"He's a great skater and he has good hockey sense, so he has great anticipation," Bowness said. "Sometimes, he gets a little too far ahead of the play and then we can't get him the puck. Great skaters, they see and they go … but that doesn't mean the other guy sees. All of the sudden, there's a big gap and you're too far ahead of the play. So sometimes you've got to chill out a little bit, and then you can use your speed."

Janmark said he understands the concept. While he believes he plays his best when he does use his speed and does get to the puck as quickly as possible, he also knows that sometimes the puck cooperates and sometimes it doesn't.

"I've felt good most of the year, but when you play up and down the lineup, it's harder to be consistent," he said of his movement from the second to the fourth line and back. "Some games, the puck seems to find you. Some games, you're never where the puck is. You just have to keep working, I really think that's the best way to look at it."

So what about that knee-on-knee hit? How did he come back and play so well after getting that harsh reminder?

Video: NSH@DAL: Janmark deflects Klingberg's shot for PPG

"I wanted to play in the Winter Classic, so as soon as I knew I could go, I was fired up," he said. "It was a big deal to me, it was a fun game. I didn't need any extra motivation. Then, to score a goal, that was just a memory I'll have forever."

And did the fact Janmark was drafted by the Red Wings in 2013 play a role in his performance against Detroit? He never played an NHL game for the Wings, but he was in the organization for two years.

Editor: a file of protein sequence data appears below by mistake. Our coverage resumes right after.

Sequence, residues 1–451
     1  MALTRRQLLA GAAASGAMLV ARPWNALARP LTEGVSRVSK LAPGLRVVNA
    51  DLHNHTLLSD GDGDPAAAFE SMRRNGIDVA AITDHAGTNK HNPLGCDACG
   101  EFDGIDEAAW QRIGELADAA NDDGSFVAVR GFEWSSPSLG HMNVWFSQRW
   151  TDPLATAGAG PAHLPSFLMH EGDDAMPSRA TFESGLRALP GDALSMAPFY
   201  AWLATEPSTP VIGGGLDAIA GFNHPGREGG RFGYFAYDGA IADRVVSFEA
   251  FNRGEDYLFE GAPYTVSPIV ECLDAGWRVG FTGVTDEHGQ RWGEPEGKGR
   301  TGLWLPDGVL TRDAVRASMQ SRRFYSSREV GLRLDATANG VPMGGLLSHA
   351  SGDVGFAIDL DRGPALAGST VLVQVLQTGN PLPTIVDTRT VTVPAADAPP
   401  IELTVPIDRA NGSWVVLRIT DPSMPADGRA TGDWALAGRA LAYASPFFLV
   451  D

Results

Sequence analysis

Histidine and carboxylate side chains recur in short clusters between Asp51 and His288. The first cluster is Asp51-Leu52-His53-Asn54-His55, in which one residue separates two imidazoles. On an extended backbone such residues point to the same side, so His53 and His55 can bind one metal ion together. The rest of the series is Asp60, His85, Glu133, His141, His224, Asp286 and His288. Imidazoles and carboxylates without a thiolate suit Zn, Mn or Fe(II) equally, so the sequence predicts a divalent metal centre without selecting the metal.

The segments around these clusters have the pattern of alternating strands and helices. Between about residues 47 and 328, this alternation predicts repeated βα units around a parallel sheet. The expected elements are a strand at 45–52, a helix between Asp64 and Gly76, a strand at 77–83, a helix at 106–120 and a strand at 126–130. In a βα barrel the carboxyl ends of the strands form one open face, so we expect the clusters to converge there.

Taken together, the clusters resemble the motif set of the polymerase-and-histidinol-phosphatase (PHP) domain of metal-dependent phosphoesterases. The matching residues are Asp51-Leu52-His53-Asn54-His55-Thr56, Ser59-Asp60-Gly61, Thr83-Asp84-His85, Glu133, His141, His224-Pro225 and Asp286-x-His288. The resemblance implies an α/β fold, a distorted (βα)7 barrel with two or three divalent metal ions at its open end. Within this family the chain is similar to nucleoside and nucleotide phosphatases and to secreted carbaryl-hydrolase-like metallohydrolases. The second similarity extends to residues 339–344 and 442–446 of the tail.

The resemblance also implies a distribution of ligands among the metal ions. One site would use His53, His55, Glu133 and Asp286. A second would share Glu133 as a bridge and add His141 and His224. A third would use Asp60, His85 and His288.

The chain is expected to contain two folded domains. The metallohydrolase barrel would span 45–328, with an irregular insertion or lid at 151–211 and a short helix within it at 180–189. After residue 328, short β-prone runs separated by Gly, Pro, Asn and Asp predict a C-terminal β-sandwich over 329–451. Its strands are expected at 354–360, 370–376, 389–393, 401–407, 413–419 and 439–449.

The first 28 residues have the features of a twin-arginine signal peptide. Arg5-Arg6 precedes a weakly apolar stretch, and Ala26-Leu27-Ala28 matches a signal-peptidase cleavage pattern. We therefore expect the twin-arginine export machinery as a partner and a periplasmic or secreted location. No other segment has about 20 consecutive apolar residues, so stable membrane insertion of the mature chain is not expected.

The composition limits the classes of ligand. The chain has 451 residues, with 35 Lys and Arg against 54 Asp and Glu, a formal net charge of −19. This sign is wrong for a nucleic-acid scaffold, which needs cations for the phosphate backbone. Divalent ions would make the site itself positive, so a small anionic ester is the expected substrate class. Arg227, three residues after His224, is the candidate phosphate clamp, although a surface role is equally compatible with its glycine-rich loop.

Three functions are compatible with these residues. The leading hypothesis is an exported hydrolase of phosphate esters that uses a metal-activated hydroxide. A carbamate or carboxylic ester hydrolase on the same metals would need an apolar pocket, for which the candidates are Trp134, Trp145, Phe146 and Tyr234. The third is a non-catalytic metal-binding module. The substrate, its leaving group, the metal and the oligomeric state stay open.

"Yeah, actually, it did fire me up to play them," he said. "I spent a few camps in the organization and had a little time in Grand Rapids, so I know some of those guys. And, of course, just when you get traded, you wanted to do well."

It was a nice moment for a guy who has had to go through a lot early in his NHL career.

"When it happened and I couldn't play, it was really hard. But I think just going through it made me stronger. I wanted so much to get back and play," Janmark said of his 2016 surgery. "It's amazing that I've even got to this point, and then to have something like that happen, I'm very fortunate.

"I know how lucky I am to be playing hockey and I never take it for granted."

Which means he could get even better going forward.


Stars (24-14-4) at Kings (17-23-4)

Tonight, 9 p.m.

Where: STAPLES Center

TV/radio: NBCSN; The Ticket 1310-AM, 96.7-FM

Don't miss your chance to see the Stars take on the Buffalo Sabres when they return home to American Airlines Center on Thursday, Jan. 16 at 7:30 p.m. Get your tickets now!

This story was not subject to the approval of the National Hockey League or Dallas Stars Hockey Club.

Mike Heika is a Senior Staff Writer for and has covered the Stars since 1994. Follow him on Twitter @MikeHeika, and listen to his podcast.